When we allow the things of this world to capture our hearts and consume our minds - whether it is big and flashy (power, fame, influence) or small and personal (our agendas, unchecked desires) - we become sidetracked from our original mission and purpose of loving God and loving others and end up just loving ourselves.

I love what Dr. Glenn Kreider said, "As we watch Islam and other religions grow, many times it's because of the way the church has failed to be the Church - that things other than the gospel have been the center of who we are." We are to be His hands and feet, firmly planted in His Kingdom...but we can be so fickle, can't we? We try to have dual citizenship - to be a citizen of heaven, but also of this world - and it just doesn't work. God wants all of us so we can reflect and display all of Him.

My hope is that we can learn from our past mistakes; that we can acknowledge and repent, then truly follow hard after Jesus - denying ourselves and taking up our cross. That we can reach back and take hold of the beauty and purity of the gospel - to be an Acts church and people - to watch the Body grow and flourish because people learn they are deeply loved and cared for by a God whose followers really do reflect His image and are working to make His Kingdom come, on earth as it is in heaven.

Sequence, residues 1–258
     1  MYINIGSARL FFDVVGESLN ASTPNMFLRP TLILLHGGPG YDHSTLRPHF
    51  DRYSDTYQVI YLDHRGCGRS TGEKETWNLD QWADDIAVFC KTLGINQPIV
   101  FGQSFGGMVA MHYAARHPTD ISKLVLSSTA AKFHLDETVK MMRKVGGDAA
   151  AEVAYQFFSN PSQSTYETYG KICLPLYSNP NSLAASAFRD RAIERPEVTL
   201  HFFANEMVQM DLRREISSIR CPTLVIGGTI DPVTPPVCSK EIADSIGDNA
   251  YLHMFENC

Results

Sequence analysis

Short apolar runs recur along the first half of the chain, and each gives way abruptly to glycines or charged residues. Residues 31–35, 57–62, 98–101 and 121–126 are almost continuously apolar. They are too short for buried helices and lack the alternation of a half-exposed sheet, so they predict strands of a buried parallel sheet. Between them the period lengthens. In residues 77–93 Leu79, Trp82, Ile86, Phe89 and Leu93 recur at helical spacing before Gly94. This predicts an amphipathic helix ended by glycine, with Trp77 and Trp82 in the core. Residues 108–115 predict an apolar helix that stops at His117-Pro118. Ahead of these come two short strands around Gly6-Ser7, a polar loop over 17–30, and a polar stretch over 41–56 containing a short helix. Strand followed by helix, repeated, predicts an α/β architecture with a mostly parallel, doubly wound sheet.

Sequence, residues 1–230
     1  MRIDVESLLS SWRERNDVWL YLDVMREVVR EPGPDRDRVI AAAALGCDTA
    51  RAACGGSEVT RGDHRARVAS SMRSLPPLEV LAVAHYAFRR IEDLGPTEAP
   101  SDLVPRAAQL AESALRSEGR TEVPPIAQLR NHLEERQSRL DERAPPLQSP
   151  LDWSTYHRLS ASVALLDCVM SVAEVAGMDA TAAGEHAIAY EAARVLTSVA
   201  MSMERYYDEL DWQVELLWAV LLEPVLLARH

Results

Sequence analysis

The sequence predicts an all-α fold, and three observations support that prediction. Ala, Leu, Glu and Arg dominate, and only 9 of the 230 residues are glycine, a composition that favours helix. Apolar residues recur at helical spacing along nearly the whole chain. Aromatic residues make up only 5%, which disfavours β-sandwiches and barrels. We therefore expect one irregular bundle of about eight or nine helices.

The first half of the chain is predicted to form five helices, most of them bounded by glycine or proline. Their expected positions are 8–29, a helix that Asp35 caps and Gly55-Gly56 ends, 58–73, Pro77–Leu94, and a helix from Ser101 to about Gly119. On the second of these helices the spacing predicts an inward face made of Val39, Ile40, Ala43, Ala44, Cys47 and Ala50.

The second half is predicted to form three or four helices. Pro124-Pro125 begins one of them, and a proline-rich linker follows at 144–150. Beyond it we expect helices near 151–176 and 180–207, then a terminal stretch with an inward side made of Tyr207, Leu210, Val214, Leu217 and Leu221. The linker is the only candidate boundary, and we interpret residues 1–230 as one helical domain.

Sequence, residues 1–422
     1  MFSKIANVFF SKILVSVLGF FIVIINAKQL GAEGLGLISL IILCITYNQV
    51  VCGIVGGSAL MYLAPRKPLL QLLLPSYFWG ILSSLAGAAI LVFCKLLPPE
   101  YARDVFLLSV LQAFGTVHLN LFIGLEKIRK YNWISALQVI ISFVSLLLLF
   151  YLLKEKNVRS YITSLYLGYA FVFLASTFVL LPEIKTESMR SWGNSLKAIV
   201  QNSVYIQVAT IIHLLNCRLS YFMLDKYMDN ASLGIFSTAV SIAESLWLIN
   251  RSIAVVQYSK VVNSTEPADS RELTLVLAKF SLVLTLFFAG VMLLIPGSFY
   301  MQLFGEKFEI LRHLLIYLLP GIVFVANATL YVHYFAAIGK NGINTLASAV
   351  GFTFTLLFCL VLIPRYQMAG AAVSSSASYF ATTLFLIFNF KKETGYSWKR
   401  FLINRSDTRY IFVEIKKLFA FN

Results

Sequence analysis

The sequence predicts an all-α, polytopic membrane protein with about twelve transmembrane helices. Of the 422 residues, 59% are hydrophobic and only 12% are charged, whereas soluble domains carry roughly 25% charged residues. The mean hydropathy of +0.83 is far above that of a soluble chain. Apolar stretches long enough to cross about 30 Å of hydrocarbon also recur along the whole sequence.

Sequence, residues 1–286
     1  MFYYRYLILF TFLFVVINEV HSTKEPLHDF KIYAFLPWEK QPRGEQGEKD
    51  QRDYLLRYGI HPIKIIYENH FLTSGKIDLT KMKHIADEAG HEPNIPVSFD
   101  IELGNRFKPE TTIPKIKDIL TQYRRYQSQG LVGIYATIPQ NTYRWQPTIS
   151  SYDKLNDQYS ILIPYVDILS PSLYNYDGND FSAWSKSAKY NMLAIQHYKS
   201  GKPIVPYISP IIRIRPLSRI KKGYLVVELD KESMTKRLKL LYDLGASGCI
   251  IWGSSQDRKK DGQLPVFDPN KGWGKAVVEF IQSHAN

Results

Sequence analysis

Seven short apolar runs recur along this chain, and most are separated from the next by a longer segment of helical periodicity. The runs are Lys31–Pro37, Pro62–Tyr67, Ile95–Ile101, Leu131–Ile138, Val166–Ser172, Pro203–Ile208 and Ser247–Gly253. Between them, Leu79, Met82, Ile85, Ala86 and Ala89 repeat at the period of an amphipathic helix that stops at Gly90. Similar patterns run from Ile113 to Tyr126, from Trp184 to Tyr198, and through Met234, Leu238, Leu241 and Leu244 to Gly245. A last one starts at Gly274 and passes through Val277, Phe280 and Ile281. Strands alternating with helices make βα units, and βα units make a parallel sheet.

So much of the past is happening again. As Christians are fighting each other, as culture is trying to make same-sex marriage, transgender, homosexuality, gender neutral, biblical, as the church is trying to remain relevant, there again is a void which Islam,Atheist, Non-Believers are tying to fill. And years of our elected leaders offending Christians knowing we would take the high road have now put Christianity trending down. This has happened before and will happen again, but we need to not let society get away with silencing Christians. We need to be loud and proud on who we are and what we believe! Our light needs to shine bright!